Nevada (unlike other states) permits the corporation's articles of incorporation to vest authority to adopt, amend or repeal bylaws exclusively in the directors, so that shareholders would not be able to change the corporation's bylaws.
Disputes over the internal affairs of Nevada corporations are usually filed in the Nevada District Courts, from which judgments can be appealed to the Supreme Court of Nevada, the state supreme court. Because of the large number of corporations chartered in Nevada, the courts in that state are more focused on the application of corporate law than the courts of most other states. Nevada's courts are developing a strong body of case law that serves to give corporations and their counsel guidance on matters of corporate governance, although Delaware and some other states have a larger body of such case law.
Nevada's tax structure is also a large benefit to incorporation in Nevada. Nevada has no franchise tax. It also has no corporate income tax or personal income tax. While Nevada likes to promote that there are "no corporation taxes" in the state, there is an annual $200 "Business License Fee" which is paid to the Nevada Department of Taxation in some cases (but not all). Nevada and Texas are the only two states that do not have information sharing agreements with the Internal Revenue Service.
- Nevada Corporation Statutes
- Nevada Government Main Website
- Nevada Secretary of State
- Bishop & Zucker on Nevada Corporations and Limited Liability Companies (2011) (Treatise)
- Keith Paul Bishop, Silver Standard – There are many benefits to incorporating in Nevada but tax avoidance is not one of them, Los Angeles Lawyer, November 2008
Wikimedia Foundation. 2010.
Look at other dictionaries:
Nevada Corporation — A business incorporated in the state of Nevada, which is known to be business friendly through its tax and corporate law statutes. Companies that incorporate in Nevada have several distinct advantages, including no state income tax, no franchise… … Investment dictionary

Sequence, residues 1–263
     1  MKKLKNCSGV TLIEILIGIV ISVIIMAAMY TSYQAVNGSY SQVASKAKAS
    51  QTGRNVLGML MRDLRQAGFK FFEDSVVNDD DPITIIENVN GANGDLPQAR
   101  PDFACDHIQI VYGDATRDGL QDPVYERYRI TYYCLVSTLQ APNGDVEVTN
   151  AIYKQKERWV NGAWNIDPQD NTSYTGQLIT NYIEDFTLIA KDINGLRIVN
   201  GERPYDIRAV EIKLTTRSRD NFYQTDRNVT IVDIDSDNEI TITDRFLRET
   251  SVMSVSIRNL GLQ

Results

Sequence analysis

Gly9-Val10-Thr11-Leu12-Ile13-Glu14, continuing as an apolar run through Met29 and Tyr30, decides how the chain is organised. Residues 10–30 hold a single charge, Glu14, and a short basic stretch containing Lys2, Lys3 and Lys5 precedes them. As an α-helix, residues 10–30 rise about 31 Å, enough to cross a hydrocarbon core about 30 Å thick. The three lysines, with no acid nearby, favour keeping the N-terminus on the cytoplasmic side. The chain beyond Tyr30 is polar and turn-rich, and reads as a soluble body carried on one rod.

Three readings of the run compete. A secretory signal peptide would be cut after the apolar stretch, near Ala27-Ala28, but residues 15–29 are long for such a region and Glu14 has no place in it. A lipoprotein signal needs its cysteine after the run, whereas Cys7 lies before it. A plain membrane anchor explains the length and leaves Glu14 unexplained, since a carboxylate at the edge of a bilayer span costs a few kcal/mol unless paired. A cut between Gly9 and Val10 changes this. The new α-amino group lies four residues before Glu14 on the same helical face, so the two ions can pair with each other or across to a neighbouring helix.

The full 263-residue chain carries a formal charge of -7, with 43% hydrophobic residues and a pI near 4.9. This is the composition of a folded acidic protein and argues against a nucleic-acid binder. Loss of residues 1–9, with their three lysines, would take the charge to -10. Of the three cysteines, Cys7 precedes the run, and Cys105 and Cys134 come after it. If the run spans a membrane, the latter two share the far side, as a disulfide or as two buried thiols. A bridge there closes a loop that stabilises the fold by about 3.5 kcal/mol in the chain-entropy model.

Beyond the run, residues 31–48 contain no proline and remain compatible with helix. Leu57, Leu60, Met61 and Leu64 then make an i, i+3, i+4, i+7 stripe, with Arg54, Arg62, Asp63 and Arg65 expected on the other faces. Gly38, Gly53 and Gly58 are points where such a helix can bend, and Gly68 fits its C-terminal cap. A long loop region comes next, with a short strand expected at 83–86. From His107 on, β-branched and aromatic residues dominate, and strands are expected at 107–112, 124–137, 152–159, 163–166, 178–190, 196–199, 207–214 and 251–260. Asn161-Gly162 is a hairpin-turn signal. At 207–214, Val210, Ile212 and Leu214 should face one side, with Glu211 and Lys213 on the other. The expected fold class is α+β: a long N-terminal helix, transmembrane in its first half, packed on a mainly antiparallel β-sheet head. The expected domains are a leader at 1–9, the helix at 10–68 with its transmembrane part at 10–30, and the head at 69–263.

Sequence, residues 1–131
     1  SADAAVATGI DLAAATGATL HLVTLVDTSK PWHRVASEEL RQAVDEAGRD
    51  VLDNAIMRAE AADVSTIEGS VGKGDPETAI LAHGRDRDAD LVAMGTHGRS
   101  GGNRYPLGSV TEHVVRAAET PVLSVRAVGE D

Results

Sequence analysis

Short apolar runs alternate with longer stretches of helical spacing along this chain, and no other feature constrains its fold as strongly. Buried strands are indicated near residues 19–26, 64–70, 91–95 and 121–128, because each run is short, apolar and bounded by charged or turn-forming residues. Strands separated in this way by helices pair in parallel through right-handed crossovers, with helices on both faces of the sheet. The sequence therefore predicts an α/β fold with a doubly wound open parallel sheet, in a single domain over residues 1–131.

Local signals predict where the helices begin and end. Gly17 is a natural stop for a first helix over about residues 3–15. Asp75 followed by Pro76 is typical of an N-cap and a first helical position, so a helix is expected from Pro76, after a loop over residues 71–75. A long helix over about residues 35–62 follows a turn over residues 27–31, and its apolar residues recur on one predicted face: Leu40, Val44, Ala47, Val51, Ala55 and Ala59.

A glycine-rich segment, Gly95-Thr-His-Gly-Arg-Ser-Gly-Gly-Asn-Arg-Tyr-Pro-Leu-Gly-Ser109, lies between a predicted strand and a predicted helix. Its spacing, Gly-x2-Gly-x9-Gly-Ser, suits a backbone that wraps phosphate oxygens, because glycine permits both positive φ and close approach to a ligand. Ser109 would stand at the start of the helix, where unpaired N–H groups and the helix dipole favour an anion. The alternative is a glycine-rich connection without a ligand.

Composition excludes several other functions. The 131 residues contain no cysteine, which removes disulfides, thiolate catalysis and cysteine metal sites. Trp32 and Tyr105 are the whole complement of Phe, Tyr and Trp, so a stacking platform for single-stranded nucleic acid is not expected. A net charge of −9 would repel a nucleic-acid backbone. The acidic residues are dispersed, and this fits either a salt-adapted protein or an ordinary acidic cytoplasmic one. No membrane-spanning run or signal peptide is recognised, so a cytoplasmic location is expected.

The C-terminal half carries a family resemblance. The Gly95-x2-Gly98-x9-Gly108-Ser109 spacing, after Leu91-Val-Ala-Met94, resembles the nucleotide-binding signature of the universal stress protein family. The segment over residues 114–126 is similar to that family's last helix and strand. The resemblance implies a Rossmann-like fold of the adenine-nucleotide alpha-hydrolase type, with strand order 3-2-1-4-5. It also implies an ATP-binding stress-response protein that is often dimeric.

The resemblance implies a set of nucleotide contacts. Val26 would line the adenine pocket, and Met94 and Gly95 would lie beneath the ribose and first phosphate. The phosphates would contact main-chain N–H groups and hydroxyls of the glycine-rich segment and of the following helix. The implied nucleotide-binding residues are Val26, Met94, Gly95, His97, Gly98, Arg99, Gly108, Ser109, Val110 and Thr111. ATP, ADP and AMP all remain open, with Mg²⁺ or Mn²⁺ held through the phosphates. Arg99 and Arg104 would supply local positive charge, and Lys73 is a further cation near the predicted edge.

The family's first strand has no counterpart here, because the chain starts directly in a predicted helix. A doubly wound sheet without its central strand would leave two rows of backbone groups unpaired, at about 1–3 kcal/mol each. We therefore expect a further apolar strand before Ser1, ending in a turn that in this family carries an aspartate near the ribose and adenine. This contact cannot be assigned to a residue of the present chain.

Sierra Nevada Corporation — (SNC) est une entreprise d électronique et un intégrateur de systèmes américain fournisseur de l Armée américaine, de la NASA et de l industrie spatiale. SNC propose, via sa filiale SpaceDev acquise en 2008, le vaisseau spatial Dream Chaser.… … Wikipédia en Français
Nevada National Security Site — Nevada Test Site November 1951 nuclear test at Nevada Test Site. Test is shot Dog from Operation Buster, with a yield of 21 kilotonnes of TNT (88 TJ). It was the f … Wikipedia
Nevada Landing Hotel and Casino — Casino sign, which remained standing after the building was demolished. The sign was demolished in 2010. Address 2 Goodsprings Road Jean, Nevada 89019 … Wikipedia
Corporation — This article is about business corporations. For other uses, see Corporation (disambiguation). Corporate redirects here. For the Bollywood film, see Corporate (film). A corporation is created under the laws of a state as a separate legal entity… … Wikipedia
Nevada State Bank — Type Subsidiary Industry Finance Founded 1959 Headquarters Las Vegas, Nevada, USA Key people Dallas Haun, Chairman and CEO … Wikipedia
Nevada Northern Railway — Reporting mark NN Locale Nevada Dates of operation 1905–1983 Track gauge 4 ft 8 1⁄2 in (1,435 mm) (standard gauge) … Wikipedia
Nevada Power Company — headquarters in Las Vegas Nevada Power Company is a Las Vegas based company that produces, distributes and sells electricity in southern part of the U.S. state of Nevada. As of 2005, Nevada Power had over 700,000 electric customers in parts of… … Wikipedia
Nevada Theatre — U.S. National Register of Historic Places California Historic Landmark #863 … Wikipedia
Nevada Central Railroad — Locale Battle Mountain Austin, Nevada Dates of operation 1879–1938 Track gauge 3 feet (910 mm) Headquarters Austin, Nevada The Nevada Central Railroad was a narrow gauge railroad, completed in 1880 between Batt … Wikipedia